IPL has turned out to be a money minting machine for the BCCI. In just three years of its existence, it is now a $4billion industry. The thing that makes the whole scenario interesting is that there has been hardly any investment on the part of BCCI. They just sold an idea, a concept which got widely accepted by the people. Now they stand to gain a large share of profit from the media rights, title sponsor, internet rights, theatre rights and auction money. There are three main stakeholders in the IPL i. e. , BCCI, Franchisee Owners and Players. Here is the business model and the sources of their revenues and expenses. BCCI/IPL.
The first is the sale of media rights for the matches which will fetch $1 billion over a 10-year period. IPL will keep 20% for itself, give out 8% as prize money for the prize money and distribute the remaining 72% evenly between the 8 franchisees (now 10). These proportions are valid till 2012, after which IPL’s share goes up in two stages by 2018, with the shares of both prize money and franchisees declining. The second source is title sponsorship of tournament, licensed merchandise, etc. This will be shared between IPL, prize money and franchisees in the ratio 40:6:54. This proportion is valid till 2017 after which IPL’s share will go up to 50. The third source is the amount received from bidding. Bidding can be for the city based franchise rights or for the players. In ‘firm agreement’ with the players, IPL can earn money, not in case of ‘basic agreement’. The fourth source is the 20% of all the revenues generated by a franchisee will be received by IPL.
Franchisee Owners Revenues:
- Percentage share of revenue of media rights and title sponsorships, licensed merchandise from IPL.
- Advertising space in the stadium for home matches.
- Sponsorship on team uniform.
- Advertisement on tickets. Sale of stadium tickets.
Prize money Expenses:
- 20% of all of the revenues will go to IPL except the one received from the IPL.
- Stadium rent, Ground management expenses, etc. for home matches
- Security arrangement expenses for home matches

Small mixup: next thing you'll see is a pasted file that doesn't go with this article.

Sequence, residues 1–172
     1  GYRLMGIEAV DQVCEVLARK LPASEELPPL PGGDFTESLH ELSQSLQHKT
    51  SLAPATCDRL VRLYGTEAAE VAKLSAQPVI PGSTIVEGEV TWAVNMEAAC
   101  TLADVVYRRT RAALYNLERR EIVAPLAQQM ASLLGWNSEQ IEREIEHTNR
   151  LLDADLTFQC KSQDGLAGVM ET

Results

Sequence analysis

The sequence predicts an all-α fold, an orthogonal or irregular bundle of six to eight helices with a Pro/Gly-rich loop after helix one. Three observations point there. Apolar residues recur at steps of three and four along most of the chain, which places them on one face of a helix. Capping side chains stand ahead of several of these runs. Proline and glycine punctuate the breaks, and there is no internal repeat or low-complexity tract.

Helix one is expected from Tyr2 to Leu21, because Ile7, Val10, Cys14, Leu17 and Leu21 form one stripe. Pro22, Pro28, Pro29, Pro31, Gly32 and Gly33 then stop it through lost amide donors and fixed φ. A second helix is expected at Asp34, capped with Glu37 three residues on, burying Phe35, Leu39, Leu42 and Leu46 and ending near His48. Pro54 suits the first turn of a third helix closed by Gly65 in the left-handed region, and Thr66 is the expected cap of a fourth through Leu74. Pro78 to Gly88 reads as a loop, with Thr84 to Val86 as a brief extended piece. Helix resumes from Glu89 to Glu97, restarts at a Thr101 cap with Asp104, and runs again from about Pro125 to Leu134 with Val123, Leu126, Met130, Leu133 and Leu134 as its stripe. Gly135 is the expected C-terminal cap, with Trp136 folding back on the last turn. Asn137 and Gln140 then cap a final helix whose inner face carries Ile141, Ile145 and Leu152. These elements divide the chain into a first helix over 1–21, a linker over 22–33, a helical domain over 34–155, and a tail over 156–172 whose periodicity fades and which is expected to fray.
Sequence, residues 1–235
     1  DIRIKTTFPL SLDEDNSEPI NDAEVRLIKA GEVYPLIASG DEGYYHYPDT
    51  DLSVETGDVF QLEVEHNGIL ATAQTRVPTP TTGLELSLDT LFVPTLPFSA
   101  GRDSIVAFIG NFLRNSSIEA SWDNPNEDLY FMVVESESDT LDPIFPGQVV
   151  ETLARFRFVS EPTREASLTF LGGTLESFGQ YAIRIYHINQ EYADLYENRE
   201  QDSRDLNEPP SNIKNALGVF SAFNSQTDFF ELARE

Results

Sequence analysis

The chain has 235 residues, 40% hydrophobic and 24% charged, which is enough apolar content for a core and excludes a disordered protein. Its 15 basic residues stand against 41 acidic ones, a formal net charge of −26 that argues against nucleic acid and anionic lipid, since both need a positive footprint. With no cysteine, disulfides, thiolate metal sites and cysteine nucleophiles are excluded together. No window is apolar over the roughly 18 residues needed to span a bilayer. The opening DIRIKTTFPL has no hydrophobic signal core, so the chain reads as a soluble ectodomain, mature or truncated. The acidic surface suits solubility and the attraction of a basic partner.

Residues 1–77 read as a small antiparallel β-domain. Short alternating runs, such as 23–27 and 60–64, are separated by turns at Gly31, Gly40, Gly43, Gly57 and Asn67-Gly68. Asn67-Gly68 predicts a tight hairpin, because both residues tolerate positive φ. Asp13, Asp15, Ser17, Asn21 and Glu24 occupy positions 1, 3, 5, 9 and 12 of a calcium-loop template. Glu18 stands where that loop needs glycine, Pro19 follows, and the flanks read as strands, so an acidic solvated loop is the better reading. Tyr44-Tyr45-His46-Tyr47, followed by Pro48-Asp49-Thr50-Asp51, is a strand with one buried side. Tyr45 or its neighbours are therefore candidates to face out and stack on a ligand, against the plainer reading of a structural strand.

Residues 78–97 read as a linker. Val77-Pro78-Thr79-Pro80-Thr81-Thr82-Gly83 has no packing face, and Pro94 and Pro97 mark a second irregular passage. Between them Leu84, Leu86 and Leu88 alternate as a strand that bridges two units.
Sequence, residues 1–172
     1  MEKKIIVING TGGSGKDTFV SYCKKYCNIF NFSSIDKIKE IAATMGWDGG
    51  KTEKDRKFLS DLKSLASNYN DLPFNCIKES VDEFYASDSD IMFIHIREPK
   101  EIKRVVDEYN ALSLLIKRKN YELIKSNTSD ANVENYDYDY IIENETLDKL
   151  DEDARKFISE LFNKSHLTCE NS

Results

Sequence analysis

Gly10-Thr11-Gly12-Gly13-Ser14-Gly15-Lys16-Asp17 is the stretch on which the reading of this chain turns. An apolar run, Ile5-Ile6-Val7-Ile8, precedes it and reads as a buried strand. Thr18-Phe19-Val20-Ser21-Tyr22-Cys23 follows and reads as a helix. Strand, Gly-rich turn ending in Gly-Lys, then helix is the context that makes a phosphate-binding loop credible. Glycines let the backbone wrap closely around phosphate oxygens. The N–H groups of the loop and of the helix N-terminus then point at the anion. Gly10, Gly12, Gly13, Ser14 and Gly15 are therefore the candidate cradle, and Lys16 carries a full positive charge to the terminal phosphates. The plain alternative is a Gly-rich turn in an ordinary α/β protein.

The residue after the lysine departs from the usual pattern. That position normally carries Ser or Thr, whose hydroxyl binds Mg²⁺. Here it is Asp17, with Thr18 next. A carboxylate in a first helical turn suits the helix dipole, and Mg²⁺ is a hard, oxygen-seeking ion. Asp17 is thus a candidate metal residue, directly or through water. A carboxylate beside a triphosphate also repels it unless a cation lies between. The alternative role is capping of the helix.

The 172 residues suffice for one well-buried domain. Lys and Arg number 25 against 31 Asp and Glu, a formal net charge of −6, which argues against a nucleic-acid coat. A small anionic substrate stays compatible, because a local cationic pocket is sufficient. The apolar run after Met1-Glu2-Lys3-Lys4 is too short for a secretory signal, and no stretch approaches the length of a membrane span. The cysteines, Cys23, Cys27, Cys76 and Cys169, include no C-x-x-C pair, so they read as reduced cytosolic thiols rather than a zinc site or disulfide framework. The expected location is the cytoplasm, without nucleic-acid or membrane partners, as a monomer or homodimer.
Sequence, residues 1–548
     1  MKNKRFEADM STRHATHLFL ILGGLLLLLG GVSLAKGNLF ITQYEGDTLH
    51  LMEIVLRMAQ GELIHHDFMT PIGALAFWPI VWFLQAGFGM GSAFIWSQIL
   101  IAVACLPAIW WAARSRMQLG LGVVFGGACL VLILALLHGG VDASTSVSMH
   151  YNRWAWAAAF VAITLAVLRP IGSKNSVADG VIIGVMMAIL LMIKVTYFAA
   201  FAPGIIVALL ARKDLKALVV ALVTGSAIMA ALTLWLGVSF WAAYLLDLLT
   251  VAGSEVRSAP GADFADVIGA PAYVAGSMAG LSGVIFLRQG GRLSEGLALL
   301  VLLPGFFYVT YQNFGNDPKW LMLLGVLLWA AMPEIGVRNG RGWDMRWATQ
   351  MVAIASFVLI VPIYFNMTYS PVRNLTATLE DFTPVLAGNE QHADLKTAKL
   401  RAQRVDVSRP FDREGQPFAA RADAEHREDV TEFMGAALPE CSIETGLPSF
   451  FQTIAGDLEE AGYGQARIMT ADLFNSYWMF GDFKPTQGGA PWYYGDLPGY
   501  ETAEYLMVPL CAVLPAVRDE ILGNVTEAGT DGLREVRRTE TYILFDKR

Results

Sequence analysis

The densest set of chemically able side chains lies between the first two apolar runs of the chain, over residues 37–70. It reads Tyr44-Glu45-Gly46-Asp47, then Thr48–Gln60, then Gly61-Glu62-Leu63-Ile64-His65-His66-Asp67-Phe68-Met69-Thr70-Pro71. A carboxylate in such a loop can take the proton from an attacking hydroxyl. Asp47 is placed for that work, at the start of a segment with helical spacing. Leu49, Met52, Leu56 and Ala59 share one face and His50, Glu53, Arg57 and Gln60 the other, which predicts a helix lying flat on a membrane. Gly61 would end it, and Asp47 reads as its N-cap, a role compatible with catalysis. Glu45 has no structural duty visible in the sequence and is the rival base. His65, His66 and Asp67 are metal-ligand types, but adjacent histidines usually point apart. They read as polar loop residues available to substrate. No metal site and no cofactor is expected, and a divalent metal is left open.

- Annual contracted fee of players and team staff
- Accommodation and travel expenses Players Revenue:
- Annual fee contracted with the franchisee.
- Daily allowance of 100$.
- Bonus or share of prize money if the owner wants to share.
The two new cities, Pune and Kochi, netted a staggering $703. 33 million, a value in excess of the original eight franchises combined. If the same format is continued from the last three years, the number of matches in the fourth season will increase. An increase in the number of teams will dilute the capital value of existing franchises as well. I feel that too much IPL will lead to viewer fatigue. Data has already suggested that viewers now watch only those matches that feature their teams. It is likely that IPL may not keep getting new viewers, but existing viewers may be spread across more matches. Since broadcasting revenues are so critical to profitability, this is a risk the IPL management will have to grapple with.
I am convinced that the Pune and Kochi auctions will turn out to be classic examples of “winner’s curse”. The real winners from this auction will be the existing eight franchises, who can now leverage the latest price discovery to exit when the IPL bubble is peaking. Lalit Modi On a high, Lalit Modi made cricket a commercial sport. He realized the potential of T-20 cricket, studied its commercial viability, gave it a structure and presented IPL as an amalgamation of Cricket and Entertainment which attracted people and sponsors alike.
He brought innovation by telecasting matches in multiplexes and on YouTube which were huge success. When IPL could not be held in India in 2009 due to general elections, he conducted a successful edition in South Africa even when there was time constraint. He associated charity with IPL that also added to its brand value. Going by all these, he was a good manager who initiated IPL, managed it well, brought innovations and made it a huge success in just three years. But at the end of the third season, charges surfaced of him being the proxy owner of two franchisees, being involved in betting and money laundering.
He has been accused of siphoning money in the multimillion dollar deal with WSG. He has also been accused of favoritism with regard to the Kochi franchise. He was accused for tax evading and BCCI chairman suspended him as IPL chief because of behavioral problems. If these charges are true, it is unethical and such are not the characteristics of a good, socially responsible manager. This is a blot in what otherwise has been a great concept for IPL and for a person with impeccable management skills.